“I think the only world you can look for is ‘disappointed’. I think our batting – at least today – was definitely a bit unprofessional,” Simmons said. “We need to wake up and start being as professional as we can be, when we are batting. The bowlers seem to be working hard and putting us in good positions but the batters continue to falter.”
So what went wrong? Simmons wasn’t quite sure himself, and didn’t want to find reasons in the “heat of the moment.” He called for the dressing room and himself to “calm down” a bit and take raw emotions out of the loss before dissecting the defeat.
“I don’t know. I haven’t questioned the dressing room yet; let them calm down a little bit first. I need to calm down a little bit first before I go into the dressing room,” he said. “There were too many soft dismissals. As batsmen, you have to pay a lot more attention to your wicket. Every time we play, we are up there with the run rate; it doesn’t matter who we are playing against.
“But we keep losing wickets – and soft wickets. I think that’s what we have been trying to remediate for the last couple of months. [It] doesn’t seem like it’s there yet.”
At 58 for 2 after midway into the eighth over, West Indies were well in control of their chase until a massive implosion took place. Spinners Mark Watt and Michael Leask picked up a combined 5 for 27 off eight overs as an innings that looked stable quickly ended in big disappointment, with West Indies falling short by 42 runs.
At the World Cup, West Indies have seemingly disturbed a settled opening combination of Kyle Mayers and Brandon King. Ewin Lewis, who missed much of the build-up to the tournament after failing to take a fitness test, was included to give their top order some impetus, especially given they were likely to be without Chris Gayle.
Simmons was asked if the batting shuffle was one of the reasons for the defeat, but he was firm that that wasn’t a defining factor.
“Well, I don’t think so,” he said. “People need to be able to go up and make a difference. Sometimes a batsman goes up and he has to propel his side with ten balls, 15 off 10 balls and so on. Guys have to bat in different positions. Today there was no real different positions.
“I think guys were batting where they are strong. We talk about looking at data, looking at different things. But guys are batting where they are strong. I don’t think that can be used as an excuse.”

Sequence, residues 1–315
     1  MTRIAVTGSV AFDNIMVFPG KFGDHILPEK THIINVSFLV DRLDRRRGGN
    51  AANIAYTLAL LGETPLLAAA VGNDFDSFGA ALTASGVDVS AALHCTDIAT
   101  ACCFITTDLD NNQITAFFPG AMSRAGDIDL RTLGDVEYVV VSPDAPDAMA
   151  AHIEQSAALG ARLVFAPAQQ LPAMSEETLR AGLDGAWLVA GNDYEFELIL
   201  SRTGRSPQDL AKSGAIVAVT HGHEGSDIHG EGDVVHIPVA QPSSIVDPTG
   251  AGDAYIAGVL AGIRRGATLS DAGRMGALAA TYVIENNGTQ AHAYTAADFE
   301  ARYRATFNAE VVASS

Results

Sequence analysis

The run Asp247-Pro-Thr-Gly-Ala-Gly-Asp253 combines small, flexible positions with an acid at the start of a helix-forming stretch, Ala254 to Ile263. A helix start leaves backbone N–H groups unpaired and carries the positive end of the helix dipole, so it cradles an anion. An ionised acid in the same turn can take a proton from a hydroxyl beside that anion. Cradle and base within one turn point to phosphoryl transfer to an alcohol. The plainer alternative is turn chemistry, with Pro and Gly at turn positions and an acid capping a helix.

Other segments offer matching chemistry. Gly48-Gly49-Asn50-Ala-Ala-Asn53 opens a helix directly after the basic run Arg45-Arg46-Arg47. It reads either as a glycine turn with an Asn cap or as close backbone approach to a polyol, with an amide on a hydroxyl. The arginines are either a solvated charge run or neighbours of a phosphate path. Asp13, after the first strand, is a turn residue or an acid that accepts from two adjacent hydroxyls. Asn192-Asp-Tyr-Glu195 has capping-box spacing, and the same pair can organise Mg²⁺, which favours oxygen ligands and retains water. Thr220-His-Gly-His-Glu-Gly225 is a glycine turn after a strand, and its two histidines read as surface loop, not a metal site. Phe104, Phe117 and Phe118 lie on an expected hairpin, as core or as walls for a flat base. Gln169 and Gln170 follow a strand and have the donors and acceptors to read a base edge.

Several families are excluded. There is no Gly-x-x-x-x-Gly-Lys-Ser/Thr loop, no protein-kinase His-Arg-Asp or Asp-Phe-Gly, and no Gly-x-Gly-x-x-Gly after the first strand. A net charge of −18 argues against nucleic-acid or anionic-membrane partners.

“When we get back at this time on Wednesday, then we may be thinking a lot differently. Last year, Bangladesh lost the first game and still ended up in the Super 12s. We just need to think about Zimbabwe right now.”
Simmons isn’t too concerned yet about West Indies potentially not making Super 12s
Amid the scrutiny of their batting, Simmons was particularly pleased with the bowling, and how West Indies pulled things back after the rain break to restrict Scotland to 160 after they had motored to 52 for 0 in 5.3 overs. That happened through Holder and Alzarri Joseph, as Scotland couldn’t kick on from where they had left off.
Holder hit the hard lengths and varied them with some cutters to take 2 for 14 off his three overs. Joseph came back quite nicely to also pick up two wickets in the middle overs to induce a bit of a slowdown before Scotland got a final kick.
“As I said before, the bowlers have been doing an excellent job, and if we look at the stats and the data, between overs seven to 15, we have been doing very well for the last year,” Simmons said. “For them to pull it back after that was expected from us. They did a great job.”
West Indies next play Zimbabwe on Wednesday, and Ireland on Friday. With the forecast stating showers over the next few days, the opening loss against Scotland could potentially make things tricky for West Indies, especially if it should come down to net run rate. But Simmons wasn’t willing to go that far yet.